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Johnny Appleseed
09-22-2011, 01:52 AM
Tune in to ESPN2 on a Saturday morning and you'll see the world's most famous game being broadcast to you live from a country 5 time zones away. Soccer has been a niche sport in America for a long time, but increasing number of Hispanic immigrants (legal or illegal - a debate for another site) and a generation of soccer moms have given a rise in popularity. While still hidden in the recesses of the back half of SportsCenter, ESPN2, a hidden tab on Yahoo! Sports, and various other channels of the internet (I dare you to find a funnier blogger than Brooks Peck of Dirty Tackle), soccer has done one thing that the major four haven't: sell itself out. Every inch of the sport possible is covered in globally recognized names. Most noticeably, is the presence of advertisements on their jerseys. Yes, a piece of fabric that is considered sacred to some die-hards in the sporting world has been stained with some corporate label, as teams are finding healthy revenue streams to pay for rising costs of athlete performances. It's just business, after all.
But what would it mean for the hobby? How could it possibly affect our small slice of the sporting world? Well, this all depends on how advertisements would be delivered. Let's look at the average sports jersey: T-shirt sized, consists of a team logo or name on the front, and possibly a number, and a name and a number on the back. About 1/8th of the average jersey has what could be cut up into a "patch" or "tag" or "button hole" or "fight strap" card, carrying a premium. If we take that jersey, and smear advertisements on it (be it one big one or several smaller ones; i.e. the NASCAR firesuit), it would likely come in the form of a sewn-on patch. The value of patch cards would decline, as there would be an increased supply of them. Moreover, certain companies with flashy, multicolored logos would drive down the value of those that are legitimately part of the team's logos already. Thankfully, most businesses keep their logos to three colors or less, typically two colors. The "basic is better" marketing model doesn't apply to sports patch cards, it seems.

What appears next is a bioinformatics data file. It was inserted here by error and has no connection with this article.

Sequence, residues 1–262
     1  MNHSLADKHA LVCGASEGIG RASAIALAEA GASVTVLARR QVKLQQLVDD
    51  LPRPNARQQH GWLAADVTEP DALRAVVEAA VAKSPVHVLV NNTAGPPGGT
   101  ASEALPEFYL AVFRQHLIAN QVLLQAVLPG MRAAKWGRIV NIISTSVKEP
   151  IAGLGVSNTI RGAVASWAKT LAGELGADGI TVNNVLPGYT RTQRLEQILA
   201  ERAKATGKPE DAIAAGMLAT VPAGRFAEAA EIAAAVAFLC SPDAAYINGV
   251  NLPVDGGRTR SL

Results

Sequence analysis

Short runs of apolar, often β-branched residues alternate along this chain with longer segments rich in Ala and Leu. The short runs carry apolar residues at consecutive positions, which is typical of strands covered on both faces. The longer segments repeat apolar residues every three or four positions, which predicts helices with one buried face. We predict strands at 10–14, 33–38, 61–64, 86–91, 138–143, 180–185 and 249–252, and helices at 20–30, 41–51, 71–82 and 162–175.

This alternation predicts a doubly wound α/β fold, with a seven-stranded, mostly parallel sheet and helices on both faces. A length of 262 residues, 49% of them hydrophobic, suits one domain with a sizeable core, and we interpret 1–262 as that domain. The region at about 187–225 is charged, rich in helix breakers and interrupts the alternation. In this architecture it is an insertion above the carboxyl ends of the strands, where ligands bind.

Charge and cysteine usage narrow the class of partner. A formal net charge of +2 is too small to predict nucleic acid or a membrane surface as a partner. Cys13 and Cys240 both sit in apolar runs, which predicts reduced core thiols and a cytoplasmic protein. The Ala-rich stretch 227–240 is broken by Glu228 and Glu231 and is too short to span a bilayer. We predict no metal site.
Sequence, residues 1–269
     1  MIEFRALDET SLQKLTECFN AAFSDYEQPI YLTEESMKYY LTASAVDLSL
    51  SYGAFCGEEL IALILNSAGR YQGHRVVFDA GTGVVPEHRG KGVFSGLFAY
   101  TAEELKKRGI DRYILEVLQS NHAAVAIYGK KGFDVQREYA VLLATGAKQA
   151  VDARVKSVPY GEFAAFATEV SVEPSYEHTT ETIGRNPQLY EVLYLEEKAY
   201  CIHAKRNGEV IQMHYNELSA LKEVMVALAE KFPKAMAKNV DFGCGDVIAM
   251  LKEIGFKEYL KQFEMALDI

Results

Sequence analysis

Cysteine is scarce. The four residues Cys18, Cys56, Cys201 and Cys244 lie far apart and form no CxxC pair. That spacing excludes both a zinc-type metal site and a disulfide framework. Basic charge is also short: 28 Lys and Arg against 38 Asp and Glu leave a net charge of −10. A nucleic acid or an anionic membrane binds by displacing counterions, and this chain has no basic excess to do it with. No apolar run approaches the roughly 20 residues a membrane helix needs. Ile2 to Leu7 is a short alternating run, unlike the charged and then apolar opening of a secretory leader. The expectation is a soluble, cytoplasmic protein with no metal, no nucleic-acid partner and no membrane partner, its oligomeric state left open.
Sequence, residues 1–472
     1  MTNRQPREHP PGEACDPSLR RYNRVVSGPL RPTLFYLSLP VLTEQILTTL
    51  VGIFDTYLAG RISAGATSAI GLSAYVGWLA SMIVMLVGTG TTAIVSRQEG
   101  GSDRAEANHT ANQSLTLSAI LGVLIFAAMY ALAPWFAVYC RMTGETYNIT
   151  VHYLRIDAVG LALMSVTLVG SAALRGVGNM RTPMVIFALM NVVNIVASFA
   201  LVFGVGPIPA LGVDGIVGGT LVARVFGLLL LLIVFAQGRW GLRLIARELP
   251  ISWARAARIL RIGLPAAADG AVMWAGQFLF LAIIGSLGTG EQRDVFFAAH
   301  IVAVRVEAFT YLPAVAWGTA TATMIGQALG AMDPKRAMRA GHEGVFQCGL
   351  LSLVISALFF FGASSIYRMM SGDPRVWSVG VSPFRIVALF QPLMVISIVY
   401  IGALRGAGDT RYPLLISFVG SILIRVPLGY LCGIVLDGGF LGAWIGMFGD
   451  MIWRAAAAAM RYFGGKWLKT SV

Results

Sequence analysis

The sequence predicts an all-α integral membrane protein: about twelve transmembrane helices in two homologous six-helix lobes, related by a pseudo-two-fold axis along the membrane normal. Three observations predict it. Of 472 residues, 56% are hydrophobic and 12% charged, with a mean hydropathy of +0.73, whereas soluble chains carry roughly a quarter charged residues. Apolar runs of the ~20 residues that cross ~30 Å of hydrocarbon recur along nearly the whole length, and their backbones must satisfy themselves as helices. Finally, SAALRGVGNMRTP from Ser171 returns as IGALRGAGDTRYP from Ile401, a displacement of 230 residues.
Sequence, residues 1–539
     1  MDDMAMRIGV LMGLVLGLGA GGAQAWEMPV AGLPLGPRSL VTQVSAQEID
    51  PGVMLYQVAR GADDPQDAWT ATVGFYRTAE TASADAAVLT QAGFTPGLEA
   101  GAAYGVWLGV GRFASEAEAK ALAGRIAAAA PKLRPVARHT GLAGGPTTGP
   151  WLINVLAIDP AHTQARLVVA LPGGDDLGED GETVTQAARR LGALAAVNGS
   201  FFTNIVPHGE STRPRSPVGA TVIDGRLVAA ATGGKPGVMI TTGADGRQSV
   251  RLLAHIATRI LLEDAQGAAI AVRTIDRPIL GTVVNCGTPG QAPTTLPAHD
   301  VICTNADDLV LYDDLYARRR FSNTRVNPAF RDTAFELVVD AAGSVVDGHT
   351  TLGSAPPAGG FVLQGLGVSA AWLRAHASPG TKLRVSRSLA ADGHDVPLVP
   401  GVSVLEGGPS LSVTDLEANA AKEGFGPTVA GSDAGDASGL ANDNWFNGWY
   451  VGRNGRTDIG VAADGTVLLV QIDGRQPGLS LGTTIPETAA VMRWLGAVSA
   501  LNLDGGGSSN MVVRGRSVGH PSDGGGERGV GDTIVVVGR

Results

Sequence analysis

Depending on the scope of this, patch cards may even become more common than plain jersey space. Would regular one-colored swatches of fabric now carry value equivalent to two-colors of Amway's Detroit Red Wings patch, simply due to the over-saturation of patch cards? Those cards are already becoming common, and some view them as total worthless junk unless he's a superstar player. Speaking purely economically, the supply of patch cards will increase, and the demand will stay the same, driving prices down. This means return on investments in boxes will diminish, causing the prices of those to go down, and companies will respond by supplying less product overall. One thing is for sure though: fans will be outraged. And the hobby will suffer.

Pheebs888
09-25-2011, 03:10 PM
Is this a contest entry? If so it needs to be a minimum of 700 words long. It currently stands at 500, please either add to it or submit a new entry.

Thank you,
Karine

mrveggieman
10-03-2011, 10:51 AM
They advertise on wnba, cfl and arena football jerseys. If it would bring in more revenue for the sport, lower the cost of tickets, jerseys, and keep the owners from locking out players and players for going on strike then I'm all for it.